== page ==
Talk Description to Me

Episode 78 - Black Friday Sales and Advertising

November 19, 2021 Christine Malec and JJ Hunt Season 3 Episode 78
Talk Description to Me
Episode 78 - Black Friday Sales and Advertising
Show Notes Transcript Chapter Markers

You just can't escape advertising in the modern world. Even if you've been living under a rock there's probably a tiny billboard there promoting a New and Improved rock cleaner! With Thanksgiving upon us and the Christmas shopping season right around the corner, Black Friday advertising is everywhere. This week Christine and JJ describe viral videos of Black Friday chaos, and discuss the impact of ads on our visual landscape.

Support the show (https://www.patreon.com/TalkDescriptionToMe)
JJ Hunt:

Talk description to me with Christine Malec and JJ Hunt

Christine Malec:

Hi, I'm Christine Malec.

JJ Hunt:

And I'm JJ Hunt. This is talk description to me where the visuals of current events and the world around us get hashed out in description rich conversations

Christine Malec:

Today we're going to talk about a subject near and dear to the hearts of many shopping. And it is the season for shopping to ramp up and in anticipation of Black Friday, JJ and I thought we would talk about some of the visuals and videos and the visual phenomenon that accompany this the shopping frenzy time of the year. So, JJ, I'm personally a little vague on how this whole thing got going. So can you give us a bit of background on how the this time of the year got got to be called Black Friday and what it actually means?

JJ Hunt:

Yeah, so it's kind of long been understood that the

Christine Malec:

Ooooh! Christmas shopping season begins after American Thanksgiving. So

JJ Hunt:

So that's one explanation of the name. I've back in the early 1900s, department stores started sponsoring parades in the late fall. In Canada, these were Christmas parades. So the Toronto Santa Claus parade, by the way, this is the original Santa Claus parade. It started in 1905 and it was sponsored by Eatons. In the US, these parades were sometimes Christmas parades, but sometimes they were Thanksgiving parades like the Macy's Parade. And these store sponsored parades were used to launch the Christmas advertising campaigns for the year. So the unofficial rule was that you didn't start your Christmas advertising until these parades until after the thanksgiving parade and the Thanksgiving weekend. And so the way a lot of retailers operated in those days and now was that throughout the year, you wouldn't make a lot of profit, your ledger would be full of red ink to indicate you at a negative balance that's being in the red until the Christmas season and then the Christmas season would come and that's when you would make your profits for the year so the sales to launch the holiday shopping season would get your ledger into the Bblack. Hen e Black Friday. heard others. I've heard, there's a version of the story that is that police would refer to the traffic congestion and the crowds on the streets as all it's Black Friday you know all the shopping and you know craziness in the in the parking lots and that was a police term. I've also heard that employees would call in sick after the Thanksgiving long weekend quite a bit. And so it was a really busy shopping day and half of the employees wouldn't show up so store owners were call it Black Friday.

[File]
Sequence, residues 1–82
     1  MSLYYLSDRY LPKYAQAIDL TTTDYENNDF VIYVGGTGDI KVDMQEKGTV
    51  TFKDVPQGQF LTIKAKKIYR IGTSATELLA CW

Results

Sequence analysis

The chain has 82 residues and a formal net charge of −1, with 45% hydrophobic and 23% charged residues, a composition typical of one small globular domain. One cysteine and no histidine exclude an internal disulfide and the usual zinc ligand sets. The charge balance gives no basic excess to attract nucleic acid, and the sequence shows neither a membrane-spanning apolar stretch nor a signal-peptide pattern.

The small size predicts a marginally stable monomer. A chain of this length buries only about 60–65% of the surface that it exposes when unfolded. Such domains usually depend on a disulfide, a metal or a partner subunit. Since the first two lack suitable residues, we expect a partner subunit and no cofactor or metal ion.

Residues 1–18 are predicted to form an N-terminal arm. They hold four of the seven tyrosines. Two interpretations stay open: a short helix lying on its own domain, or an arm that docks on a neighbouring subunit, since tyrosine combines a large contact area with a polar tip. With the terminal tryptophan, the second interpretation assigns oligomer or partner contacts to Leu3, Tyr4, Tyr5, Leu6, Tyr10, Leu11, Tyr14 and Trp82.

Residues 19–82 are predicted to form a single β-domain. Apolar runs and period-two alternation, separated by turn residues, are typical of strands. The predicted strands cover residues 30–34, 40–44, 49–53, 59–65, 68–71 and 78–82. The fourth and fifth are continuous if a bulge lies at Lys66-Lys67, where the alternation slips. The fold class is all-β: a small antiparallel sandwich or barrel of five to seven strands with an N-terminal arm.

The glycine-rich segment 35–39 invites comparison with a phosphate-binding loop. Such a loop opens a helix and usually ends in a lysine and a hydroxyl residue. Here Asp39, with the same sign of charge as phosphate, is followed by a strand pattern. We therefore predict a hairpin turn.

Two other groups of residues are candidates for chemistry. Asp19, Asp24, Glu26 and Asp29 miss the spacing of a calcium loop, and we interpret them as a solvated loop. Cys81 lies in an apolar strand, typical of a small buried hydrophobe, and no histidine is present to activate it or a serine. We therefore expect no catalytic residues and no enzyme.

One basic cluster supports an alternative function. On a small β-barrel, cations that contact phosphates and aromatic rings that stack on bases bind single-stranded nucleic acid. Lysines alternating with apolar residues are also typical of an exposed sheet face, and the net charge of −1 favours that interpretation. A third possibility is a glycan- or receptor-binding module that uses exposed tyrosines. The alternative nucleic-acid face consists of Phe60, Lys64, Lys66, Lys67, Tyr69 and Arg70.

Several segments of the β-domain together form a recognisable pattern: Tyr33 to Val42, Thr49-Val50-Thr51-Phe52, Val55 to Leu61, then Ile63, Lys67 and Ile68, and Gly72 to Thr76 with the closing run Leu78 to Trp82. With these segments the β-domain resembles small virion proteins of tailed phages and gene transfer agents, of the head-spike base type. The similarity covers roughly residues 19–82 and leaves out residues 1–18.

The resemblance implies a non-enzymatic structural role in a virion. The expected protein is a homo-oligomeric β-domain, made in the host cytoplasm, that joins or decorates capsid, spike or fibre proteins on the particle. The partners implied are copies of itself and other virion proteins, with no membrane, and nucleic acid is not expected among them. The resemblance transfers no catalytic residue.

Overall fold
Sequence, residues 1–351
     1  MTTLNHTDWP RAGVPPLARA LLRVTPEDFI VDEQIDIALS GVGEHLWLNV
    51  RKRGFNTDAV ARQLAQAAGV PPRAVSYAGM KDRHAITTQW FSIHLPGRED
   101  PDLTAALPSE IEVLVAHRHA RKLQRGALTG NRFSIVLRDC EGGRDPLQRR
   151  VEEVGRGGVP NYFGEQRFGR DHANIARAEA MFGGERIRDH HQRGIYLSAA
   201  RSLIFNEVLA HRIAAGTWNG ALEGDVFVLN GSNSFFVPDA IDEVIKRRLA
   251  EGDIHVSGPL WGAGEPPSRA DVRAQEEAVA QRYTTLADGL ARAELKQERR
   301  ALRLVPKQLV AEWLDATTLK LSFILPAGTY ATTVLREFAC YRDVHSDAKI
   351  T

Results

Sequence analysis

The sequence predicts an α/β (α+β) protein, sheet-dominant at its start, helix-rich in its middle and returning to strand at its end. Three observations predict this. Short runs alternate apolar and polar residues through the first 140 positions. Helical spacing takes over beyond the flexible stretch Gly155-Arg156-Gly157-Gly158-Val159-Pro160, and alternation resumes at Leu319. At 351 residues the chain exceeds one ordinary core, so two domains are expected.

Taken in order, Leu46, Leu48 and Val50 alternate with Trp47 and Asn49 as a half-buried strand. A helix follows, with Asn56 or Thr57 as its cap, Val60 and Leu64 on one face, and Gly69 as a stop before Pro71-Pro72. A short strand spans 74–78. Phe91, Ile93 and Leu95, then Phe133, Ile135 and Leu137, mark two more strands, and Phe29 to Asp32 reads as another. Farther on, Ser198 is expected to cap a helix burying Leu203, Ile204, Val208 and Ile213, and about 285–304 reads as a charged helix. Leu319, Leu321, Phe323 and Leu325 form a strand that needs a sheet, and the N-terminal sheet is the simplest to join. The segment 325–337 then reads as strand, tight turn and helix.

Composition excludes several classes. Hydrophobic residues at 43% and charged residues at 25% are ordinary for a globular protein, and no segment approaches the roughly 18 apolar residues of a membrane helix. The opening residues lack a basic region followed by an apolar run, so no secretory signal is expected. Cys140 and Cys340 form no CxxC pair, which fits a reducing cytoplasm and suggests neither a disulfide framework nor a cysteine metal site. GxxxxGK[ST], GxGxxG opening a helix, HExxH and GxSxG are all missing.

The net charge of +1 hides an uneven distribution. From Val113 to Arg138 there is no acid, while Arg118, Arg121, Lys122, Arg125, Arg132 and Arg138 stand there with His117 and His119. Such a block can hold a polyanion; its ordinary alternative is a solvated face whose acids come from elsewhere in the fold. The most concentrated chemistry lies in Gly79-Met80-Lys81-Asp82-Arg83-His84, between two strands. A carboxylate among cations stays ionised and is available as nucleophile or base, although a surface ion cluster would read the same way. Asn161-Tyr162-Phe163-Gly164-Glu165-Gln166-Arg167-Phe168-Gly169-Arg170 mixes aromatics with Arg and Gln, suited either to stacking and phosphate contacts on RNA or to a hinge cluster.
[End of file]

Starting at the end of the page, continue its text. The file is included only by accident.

Christine Malec:

Oooh!

JJ Hunt:

I don't know I kind of like the red ink black ink thing because I'm a bit of a luddite. Me too. Ha ha ha! So the modern Black Friday sales they grew from there right they evolved from this you know, post thanksgiving parade you know, sales to get you into the stores and start making money for for retailers evolved into this like important shopping day where the best deals were to be had. And that made it a chaotic day within the sales got bigger and bigger, the promotions got more outrageous. And people were inspired and prompted to go wild with excitement. And so this became a Christmas shopping staple in the US. And then when store chains and shopping behavior went global Black Friday sales became an international phenomenon. You couldn't have major sales in the US and not have them in Canada or the UK just wouldn't work because you're able to shop anywhere you want. So everyone started doing Black Friday sales and as the sales would pop up in new countries, the media would kind of tee up the chaos, right? They would send a reporter to the store to Oh, the doors are about to open. What's it going to look and so the media would tee us up for this like incredible chaotic event. Local news. outlets are involved the major you know national media is involved international media people rush to get the big sales. And then that's when the crowds get to wild people behave atrociously. Everyone's now got a camera. And what we end up with is like a YouTube sub genre of crazy and sadly even like deadly Black Friday videos

Christine Malec:

It talking some of the stuff through before we started recording, we were talking about the movement of crowds and how this helps to make sense of some of the things we hear or at least kind of put them in a context. And I feel like that's a phenomenon that's very difficult to get a handle on if you're not sighted. And so can we start with some of those images?

JJ Hunt: